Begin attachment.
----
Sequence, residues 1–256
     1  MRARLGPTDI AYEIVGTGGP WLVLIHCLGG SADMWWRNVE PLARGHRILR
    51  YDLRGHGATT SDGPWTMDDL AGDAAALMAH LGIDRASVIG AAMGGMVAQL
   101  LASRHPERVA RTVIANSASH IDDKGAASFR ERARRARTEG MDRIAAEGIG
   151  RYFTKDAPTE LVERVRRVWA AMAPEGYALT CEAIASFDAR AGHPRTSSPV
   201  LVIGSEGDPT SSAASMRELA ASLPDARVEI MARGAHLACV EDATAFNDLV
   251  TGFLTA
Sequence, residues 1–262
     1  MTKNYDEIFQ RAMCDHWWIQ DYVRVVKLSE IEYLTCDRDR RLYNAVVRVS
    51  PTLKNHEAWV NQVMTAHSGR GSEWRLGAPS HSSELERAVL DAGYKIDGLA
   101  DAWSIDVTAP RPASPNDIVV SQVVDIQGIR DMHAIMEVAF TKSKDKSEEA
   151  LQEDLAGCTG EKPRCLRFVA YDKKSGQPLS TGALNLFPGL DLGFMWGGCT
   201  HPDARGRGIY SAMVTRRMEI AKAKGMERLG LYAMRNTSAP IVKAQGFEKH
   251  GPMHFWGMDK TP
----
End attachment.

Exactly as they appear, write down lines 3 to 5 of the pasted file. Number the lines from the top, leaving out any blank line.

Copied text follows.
    51  YDLRGHGATT SDGPWTMDDL AGDAAALMAH LGIDRASVIG AAMGGMVAQL
   101  LASRHPERVA RTVIANSASH IDDKGAASFR ERARRARTEG MDRIAAEGIG
   151  RYFTKDAPTE LVERVRRVWA AMAPEGYALT CEAIASFDAR AGHPRTSSPV